Most organizations say they value creativity because it is the father of innovation, which is the engine of change. They all recognize the fact that organizations that are best at developing new (and desirable) products and processes are those that are likely to endure and succeed. Some spend billions on research and development, which is usually a creative process that looks to find different, better, cheaper, stronger, etc. products and work processes.

For many organizations creativity is much easier than innovation. Innovation is putting creative ideas into practice. You can copy others' good ideas, but as all businesses know, change is difficult, expensive, and painful.

Psychologists have four approaches to creativity:

The creative person: What peculiar set of abilities, motives, and traits together describe creative individuals. Are they born or made? Are creative people “just a bit” strange.

The creative process: This is an attempt to understand the thought (cognitive) processes that go on in the exercise of creativity. It is not so much an attempt at the who, but the how question. How does one go about being creative?

The creative situation: What are the cultural, environmental and organisational factors that inhibit or facilitate creativity? With this knowledge, one can construct situations that induce creativity even in the not particularly creative.

The creative product: This approach attempts to study all aspects of creativity by looking at those products that are clearly defined as creative.

There seem to be five related “models” in inspired creativity programs.

First, there is the muesli model. People need to unblock their creativity. They are in some curious way constipated and unable to let go and express themselves. In this sense creativity courses may be seen as cognitive laxatives.

Second is the dominatrix model. Here we are told to unleash our creativity.  Somehow one has been bound up, tied down, physically constrained from that most natural and normal of tasks, namely being creative. So courses are liberators.

Third is the arsonist model. Creative consultants and trainers aim to spark ideas and light fires. They see people as dry tinder just waiting for the right moment. Their job is to find ways of facilitating fire-setting ideas.

Fourth is the kindergarten model. The problem appears to be that we have all forgotten how to be playful. Playfulness is apparently not only a lot of fun, but it is also very productive. Thus creativity trainers help delegates regress to a time when they were happy and quite unabashed to draw pictures, sing songs, and so on.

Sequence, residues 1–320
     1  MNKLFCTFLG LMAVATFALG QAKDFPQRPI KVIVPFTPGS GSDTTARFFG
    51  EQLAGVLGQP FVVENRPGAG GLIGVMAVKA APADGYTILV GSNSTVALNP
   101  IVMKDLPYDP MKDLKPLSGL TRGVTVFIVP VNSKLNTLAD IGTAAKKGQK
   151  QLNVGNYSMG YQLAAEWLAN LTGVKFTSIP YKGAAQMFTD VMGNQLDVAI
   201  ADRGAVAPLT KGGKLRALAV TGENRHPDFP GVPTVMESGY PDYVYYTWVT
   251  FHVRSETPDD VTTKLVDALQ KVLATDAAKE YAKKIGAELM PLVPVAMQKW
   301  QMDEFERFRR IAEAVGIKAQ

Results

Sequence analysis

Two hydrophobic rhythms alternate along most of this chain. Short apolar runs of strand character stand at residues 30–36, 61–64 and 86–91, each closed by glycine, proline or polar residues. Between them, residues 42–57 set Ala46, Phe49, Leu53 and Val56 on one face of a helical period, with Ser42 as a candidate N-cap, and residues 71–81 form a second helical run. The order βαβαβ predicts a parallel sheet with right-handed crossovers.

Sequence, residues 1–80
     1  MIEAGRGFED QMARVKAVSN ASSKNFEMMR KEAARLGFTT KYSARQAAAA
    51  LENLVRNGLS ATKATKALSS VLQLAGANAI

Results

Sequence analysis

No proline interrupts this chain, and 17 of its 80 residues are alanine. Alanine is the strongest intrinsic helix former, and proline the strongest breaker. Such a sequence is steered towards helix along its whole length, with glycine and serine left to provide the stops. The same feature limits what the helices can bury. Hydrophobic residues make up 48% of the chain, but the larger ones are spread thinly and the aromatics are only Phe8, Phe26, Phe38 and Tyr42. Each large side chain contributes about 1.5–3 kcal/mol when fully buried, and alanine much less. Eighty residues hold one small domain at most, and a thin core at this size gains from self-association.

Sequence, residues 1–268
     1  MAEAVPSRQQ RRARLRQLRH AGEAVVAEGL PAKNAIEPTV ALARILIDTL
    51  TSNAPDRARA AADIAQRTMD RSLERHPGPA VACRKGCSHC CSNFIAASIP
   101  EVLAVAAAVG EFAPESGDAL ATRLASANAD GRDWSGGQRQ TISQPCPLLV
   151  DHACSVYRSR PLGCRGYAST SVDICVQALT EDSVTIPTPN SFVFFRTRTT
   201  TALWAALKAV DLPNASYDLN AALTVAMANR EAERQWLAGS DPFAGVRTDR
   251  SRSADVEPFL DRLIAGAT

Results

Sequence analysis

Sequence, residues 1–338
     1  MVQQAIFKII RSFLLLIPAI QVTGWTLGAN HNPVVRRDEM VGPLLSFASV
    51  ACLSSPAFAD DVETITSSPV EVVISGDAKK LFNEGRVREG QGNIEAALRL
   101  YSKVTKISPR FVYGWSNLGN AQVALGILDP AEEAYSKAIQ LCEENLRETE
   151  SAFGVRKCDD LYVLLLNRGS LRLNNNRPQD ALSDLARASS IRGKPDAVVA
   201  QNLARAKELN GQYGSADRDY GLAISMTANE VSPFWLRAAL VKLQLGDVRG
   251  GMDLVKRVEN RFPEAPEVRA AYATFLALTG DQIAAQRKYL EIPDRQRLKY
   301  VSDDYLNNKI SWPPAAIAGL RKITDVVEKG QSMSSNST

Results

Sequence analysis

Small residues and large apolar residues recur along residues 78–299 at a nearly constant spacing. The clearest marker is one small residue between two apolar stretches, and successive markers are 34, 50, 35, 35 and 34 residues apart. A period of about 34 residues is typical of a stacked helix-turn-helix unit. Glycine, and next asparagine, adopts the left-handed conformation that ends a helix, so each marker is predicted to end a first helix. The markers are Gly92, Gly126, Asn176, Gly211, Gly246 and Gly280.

Fifth is the jail-liberator model. The problem is that we have all been put in a sort of cognitive jail that has stopped us thinking outside the box. The trainer throws open the doors of our prison and out pops our creative jack-in-the-box.

It seems that creativity is a function of intelligence, personality, thinking style, motivation, and an environment that genuinely encourages it. We can learn to be more creative by using a few tricks of the trade.

1. Sleep on it: Come back to problems and issues. Let them fall fallow for a bit to stew and incubate. Revisit them when it suits you.

2. Read widely: Talk to all sorts of experts. Get outside your box. Talk to people who think about things differently than you do.

3. Don’t give up: Persistence is the key. Most attempts fail. Breakthroughs are rare.

4. Take a Risk: Fear of failure, humiliation, teasing, and abuse are natural enemies of creativity. Go on—play with hunches and tentative ideas. Break the rules. Take courage.

5. Piggy back: Adopt others’ work and take it further. Put things together that do not fit.

6. Identify peak times and conditions: Work out when and where you are at your best for idea generation and refinement. Set aside these times for those activities.

7. Record your flashes: Have a place and method to record all ideas—some will be worth revisiting and incubation.

8. Build your particular expertise/skill/knowledge: Creativity is always skill based. Get to the cutting edge of your chosen area. There is no substitute for this.

9. Question and probe the obvious: Take little for granted, turn things upside down, and celebrate similarities and differences.

10. Lighten up: Be playful, use humour, and have a sense of the absurd and the ridiculous.

Premature evaluation is often done unwisely. Business innovation is all about cultivating and applying creativity in a corporate culture. Some organisations welcome creativity and innovation: They have the time, money, and will to do it. However, most organisations are the opposite. Their problem is not so much the introduction of new ideas as the unlearning of old ones. They are reactive not proactive, full of hubris rather humility, risk and failure averse, against new things, and quick to judge and punish innovations.

Learning about creativity and innovation is key to your prosperity in a changing world.

About the Author

Adrian Furnham, Ph.D.

Adrian Furnham, Ph.D., is a professor of psychology at University College London and the Norwegian Business School.

You are reading

A Sideways View

The Freudian Account of Leadership Failure and Derailment

What do Psychoanalysts have to say about how and why leaders fail?

What Men Desire in a Woman

What characteristics are men most attracted to in women and why?

The Psychology of Queuing

Why is waiting in line so horrid?